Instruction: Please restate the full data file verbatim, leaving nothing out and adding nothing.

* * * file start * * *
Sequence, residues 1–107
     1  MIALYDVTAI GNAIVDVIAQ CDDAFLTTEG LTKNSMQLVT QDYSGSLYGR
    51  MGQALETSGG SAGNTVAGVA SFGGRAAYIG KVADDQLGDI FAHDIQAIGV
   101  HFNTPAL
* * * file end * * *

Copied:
Sequence, residues 1–107
     1  MIALYDVTAI GNAIVDVIAQ CDDAFLTTEG LTKNSMQLVT QDYSGSLYGR
    51  MGQALETSGG SAGNTVAGVA SFGGRAAYIG KVADDQLGDI FAHDIQAIGV
   101  HFNTPAL